On a hot morning this past June, our research group at the University of Washington, in Seattle, crammed into two cargo vans and drove 2000 kilometers south to the rangeland north of Simi Valley, in southwestern California. In the back of one of the vans was our latest creation: a prototype surgical robot we’d been developing for the past four years. Our mission was to field-test the robot--by operating not on a person but rather on latex objects mimicking human organs, with a surgeon commanding the robot from a control console 100 meters away.
At the test site, we met the rest of our team--surgeons, aerospace engineers, networking experts--and set up a base camp on a flat expanse circled by undulating hills. Under a blistering sun, some of us assembled the robot, a portable surgery table, and a video camera under a canopy tent, while another group installed the surgical control console and a video monitor in a second tent. With all systems ready, we waited for the communications channel to be set up to link the two locations.
Remote surgery technologies like the ones we were testing have long interested military groups all over the world. On the battlefield, medical response time often determines who lives and who dies. A recent study of combat casualties found that in nearly two-thirds of fatal battlefield injuries, death comes within 30 minutes. There’s precious little time to perform even simple life-saving procedures, such as controlling bleeding.
Surgical robots offer a tantalizing possibility [see "Submerging Surgery "]. They would allow military doctors, stationed safely distant from the front line, to perform operations without once putting their hands on patients. Medical vehicles equipped with such remote-controlled robots could get surgical care to soldiers in a lot less time than it would take to evacuate them to the nearest base or hospital.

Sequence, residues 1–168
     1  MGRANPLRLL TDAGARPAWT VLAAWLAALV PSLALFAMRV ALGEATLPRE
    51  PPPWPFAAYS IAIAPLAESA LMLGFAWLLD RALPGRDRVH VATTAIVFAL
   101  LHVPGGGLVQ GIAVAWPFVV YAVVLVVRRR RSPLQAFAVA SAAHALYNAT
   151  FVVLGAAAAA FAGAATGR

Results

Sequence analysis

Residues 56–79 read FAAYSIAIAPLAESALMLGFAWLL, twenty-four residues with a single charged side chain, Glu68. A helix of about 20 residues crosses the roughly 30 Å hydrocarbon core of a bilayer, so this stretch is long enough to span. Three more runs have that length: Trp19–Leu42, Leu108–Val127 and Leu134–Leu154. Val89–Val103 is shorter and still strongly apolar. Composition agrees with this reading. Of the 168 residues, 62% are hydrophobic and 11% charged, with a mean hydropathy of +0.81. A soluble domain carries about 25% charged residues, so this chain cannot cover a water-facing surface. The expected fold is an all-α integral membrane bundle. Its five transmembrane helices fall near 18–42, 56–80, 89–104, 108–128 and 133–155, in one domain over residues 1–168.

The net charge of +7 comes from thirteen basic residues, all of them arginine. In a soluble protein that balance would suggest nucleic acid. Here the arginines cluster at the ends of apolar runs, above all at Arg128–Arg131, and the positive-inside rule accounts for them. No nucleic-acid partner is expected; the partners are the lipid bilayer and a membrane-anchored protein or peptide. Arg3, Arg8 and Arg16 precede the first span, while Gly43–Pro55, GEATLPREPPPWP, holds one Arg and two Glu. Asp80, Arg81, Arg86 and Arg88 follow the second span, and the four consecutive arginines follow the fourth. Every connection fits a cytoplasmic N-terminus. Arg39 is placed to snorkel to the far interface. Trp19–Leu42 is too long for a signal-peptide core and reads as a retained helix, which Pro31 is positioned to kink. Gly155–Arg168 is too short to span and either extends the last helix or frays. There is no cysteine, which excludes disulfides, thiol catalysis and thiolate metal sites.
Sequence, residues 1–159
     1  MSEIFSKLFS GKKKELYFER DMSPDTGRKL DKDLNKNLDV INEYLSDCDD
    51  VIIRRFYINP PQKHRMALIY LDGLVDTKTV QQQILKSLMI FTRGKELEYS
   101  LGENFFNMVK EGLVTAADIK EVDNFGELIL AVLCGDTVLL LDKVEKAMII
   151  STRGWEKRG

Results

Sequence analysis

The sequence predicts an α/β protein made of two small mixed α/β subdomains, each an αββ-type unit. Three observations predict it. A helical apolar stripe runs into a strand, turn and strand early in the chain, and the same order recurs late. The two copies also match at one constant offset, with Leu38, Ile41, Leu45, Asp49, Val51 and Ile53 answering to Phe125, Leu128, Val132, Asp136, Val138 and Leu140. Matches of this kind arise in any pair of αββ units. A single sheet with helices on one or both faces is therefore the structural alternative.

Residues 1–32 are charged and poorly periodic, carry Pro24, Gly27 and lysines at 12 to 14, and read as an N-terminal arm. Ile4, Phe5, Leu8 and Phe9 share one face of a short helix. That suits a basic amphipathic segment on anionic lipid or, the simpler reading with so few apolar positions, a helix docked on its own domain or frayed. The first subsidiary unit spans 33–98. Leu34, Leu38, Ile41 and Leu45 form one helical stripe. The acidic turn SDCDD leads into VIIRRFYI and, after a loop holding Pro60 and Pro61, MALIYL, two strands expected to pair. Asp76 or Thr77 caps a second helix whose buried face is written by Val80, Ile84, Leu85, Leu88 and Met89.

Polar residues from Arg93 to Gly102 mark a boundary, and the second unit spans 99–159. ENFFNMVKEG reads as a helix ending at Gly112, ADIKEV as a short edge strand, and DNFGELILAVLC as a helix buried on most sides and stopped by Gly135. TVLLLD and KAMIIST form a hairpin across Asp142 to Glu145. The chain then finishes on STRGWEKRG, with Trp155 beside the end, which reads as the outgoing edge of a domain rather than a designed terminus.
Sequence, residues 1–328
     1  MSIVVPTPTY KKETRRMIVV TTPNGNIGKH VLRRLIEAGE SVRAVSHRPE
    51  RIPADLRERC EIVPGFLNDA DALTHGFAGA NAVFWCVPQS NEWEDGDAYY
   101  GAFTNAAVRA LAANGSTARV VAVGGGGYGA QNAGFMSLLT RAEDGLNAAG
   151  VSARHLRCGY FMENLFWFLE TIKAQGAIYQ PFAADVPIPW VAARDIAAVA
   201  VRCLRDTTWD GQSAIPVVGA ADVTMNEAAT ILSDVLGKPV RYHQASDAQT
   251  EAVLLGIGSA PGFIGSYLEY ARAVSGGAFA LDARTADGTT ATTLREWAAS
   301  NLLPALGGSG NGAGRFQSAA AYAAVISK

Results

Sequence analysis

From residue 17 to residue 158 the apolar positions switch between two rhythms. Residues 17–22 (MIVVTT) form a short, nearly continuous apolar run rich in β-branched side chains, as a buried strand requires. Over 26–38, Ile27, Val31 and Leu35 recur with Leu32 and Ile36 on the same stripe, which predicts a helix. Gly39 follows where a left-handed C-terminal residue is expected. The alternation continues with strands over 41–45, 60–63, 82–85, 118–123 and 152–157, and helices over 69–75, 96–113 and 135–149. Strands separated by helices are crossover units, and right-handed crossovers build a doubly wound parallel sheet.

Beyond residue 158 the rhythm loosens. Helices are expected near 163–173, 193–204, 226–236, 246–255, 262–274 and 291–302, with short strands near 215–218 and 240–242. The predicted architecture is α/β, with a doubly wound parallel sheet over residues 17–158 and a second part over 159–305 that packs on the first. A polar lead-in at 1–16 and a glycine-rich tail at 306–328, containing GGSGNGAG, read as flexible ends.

For that vision to become reality, however, surgical robots need plenty of improvement. One challenge is designing systems that can work under conditions very different from those of pristine operating rooms. Indeed, what was new about our trial in California was the fact that the whole setup was compact, rugged, and easy to transport. Local conditions for the experiment, organized by Gerald Moses and Timothy Broderick of the U.S. Army’s Telemedicine and Advanced Technology Research Center, in Frederick, Md., included sandy gusts of wind, high humidity, and an ambient temperature crawling toward 40 °C. Gasoline-fueled generators were all we had to power our electronics.
Our system is one of a new generation of surgical robots that may one day bring advanced medical care not only to soldiers but also to people in remote locations lacking specialized physicians. Disaster relief, too, could be revolutionized. Last year’s Hurricane Katrina in the United States, the October 2005 earthquake in northern Pakistan, and the December 2004 Indian Ocean tsunami overwhelmed the medical resources available in those places. The hope is that in the not-so-distant future, fleets of ambulances or helicopters equipped with surgical robots would rush to such areas, allowing faraway doctors to save lives and limbs.
Indeed, some of the military projects seem to be quite easily convertible to civilian use. Our group is participating in another U.S. military–funded initiative, the US $12 million Trauma Pod program, launched last year by the Defense Advanced Research Projects Agency (DARPA). Managed by SRI International, in Menlo Park, Calif., the program aims to develop an unmanned, mobile operating room that is equipped with a host of automated surgical systems and could be quickly dispatched anywhere in a war zone.
But giving surgical robots the necessary mobility requires meeting another challenge: the reliable transmission of the surgeon’s commands to a system often roaming in far-flung places. Surgeons have remotely commanded surgical robots before, even with real patients under the robots’ scalpels. But those setups took place in well-equipped hospitals and relied on dedicated, wired communications channels. How, then, to break free from wires?